As Michael Cassio laments in Othello, “Reputation, reputation, reputation! Oh, I have lost my reputation! I have lost the immortal part of myself, and what remains is bestial.” William Shakespeare may have believed that, once lost, reputation may be lost for good. However, the Supreme Court of Canada has reaffirmed that those who believe they have been defamed may have the right to be compensated and try restore their damaged reputations.
In Bent v. Platnick, the Supreme Court of Canada ("Court") dismissed an appeal opposing the rights of a physician to sue an attorney for defamation. (Le jugement en français de la Cour suprême du Canada est ici.) In its September 10, 2020, decision, the Court strengthened the legal right to defend one's reputation against negative allegations. The Court summarized the facts of the case as follows:
B is a lawyer and partner at an Ontario law firm. She is a member and, at the relevant time, was the president‑elect of the Ontario Trial Lawyers Association (“OTLA”). The OTLA is an organization comprised of legal professionals who represent persons injured in motor vehicle accidents. P is a medical doctor who is typically hired through insurance companies to review other medical specialists’ assessments of persons injured in motor vehicle accidents and to prepare a final report with an ultimate assessment of the accident victim’s level of impairment. Following two insurance coverage disputes in which B was acting as counsel for an accident victim, B sent an email to a Listserv (i.e. an email listing) of approximately 670 OTLA members in which she made two statements that specifically mention P by name and allege that, in the context of those disputes, P “altered” doctors’ reports and “changed” a doctor’s decision as to the victim’s level of impairment. B’s email was eventually leaked anonymously by a member of the OTLA and as a result, an article was published in a magazine which reproduced B’s email in its entirety and referred to testimony from B.The Court found that the attorney had met her burden because her "email constitutes an expression that relates to a matter of public interest and P’s defamation proceeding arises from that expression." According to the Court, the burden then shifted to the physician "to show that there are grounds to believe that his defamation proceeding has substantial merit and that B has no valid defence to it". Having "shown that there are grounds to believe that his defamation proceeding has substantial merit," the Court dismissed the attorney's appeal, allowing the physician to have his day in court.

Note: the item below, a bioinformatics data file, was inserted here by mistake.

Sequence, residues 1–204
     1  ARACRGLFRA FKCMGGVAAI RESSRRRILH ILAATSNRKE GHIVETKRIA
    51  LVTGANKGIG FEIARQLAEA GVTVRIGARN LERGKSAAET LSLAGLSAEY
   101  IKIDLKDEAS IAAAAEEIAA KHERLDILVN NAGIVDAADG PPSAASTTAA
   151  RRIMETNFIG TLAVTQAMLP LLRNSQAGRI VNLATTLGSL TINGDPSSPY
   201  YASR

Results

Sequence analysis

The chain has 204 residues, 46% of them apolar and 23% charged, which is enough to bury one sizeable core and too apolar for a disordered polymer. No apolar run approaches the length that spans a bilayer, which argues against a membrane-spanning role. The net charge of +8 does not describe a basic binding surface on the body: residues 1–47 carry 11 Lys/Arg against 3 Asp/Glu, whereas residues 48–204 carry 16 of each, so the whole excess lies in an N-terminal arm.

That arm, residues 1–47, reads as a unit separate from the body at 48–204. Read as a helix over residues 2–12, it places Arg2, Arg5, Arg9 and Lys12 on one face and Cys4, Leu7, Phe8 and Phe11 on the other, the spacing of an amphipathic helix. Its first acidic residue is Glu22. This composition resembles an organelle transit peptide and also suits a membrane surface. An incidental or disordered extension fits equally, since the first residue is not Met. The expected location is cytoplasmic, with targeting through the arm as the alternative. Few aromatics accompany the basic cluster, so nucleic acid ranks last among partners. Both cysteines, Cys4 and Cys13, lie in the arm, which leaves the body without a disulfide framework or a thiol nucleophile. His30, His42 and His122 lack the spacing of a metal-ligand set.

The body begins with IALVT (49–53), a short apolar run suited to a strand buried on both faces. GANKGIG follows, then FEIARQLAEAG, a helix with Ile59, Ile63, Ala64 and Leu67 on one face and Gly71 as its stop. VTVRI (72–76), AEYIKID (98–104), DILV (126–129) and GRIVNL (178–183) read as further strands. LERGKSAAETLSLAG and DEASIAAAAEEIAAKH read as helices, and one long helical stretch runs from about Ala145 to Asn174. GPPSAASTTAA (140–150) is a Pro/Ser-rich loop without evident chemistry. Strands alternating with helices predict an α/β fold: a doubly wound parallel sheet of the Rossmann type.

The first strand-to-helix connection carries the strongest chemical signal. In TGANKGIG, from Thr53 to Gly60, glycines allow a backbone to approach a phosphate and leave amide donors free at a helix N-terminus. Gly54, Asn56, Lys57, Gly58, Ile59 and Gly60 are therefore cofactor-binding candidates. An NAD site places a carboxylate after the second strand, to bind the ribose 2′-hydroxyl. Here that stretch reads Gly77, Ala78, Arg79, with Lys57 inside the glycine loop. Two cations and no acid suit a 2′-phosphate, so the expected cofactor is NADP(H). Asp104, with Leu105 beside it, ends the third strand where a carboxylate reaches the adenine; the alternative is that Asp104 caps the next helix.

P commenced a lawsuit in defamation against both B and her law firm, claiming damages in the amount of $16.3 million. B filed a motion under s. 137.1 of the Courts of Justice Act (“CJA”) to dismiss the lawsuit. The motion judge allowed B’s motion and dismissed P’s defamation proceeding. The Court of Appeal set aside the motion judge’s determination, dismissed B’s motion, and remitted P’s defamation claim to the Superior Court for consideration.
The attorney in this dispute has pursued a very different path to that followed by basketball superstar, Charles Barkley, who once said, in response to a comment he found insulting, "My initial response was to sue her for defamation of character, but then I realized that I had no character."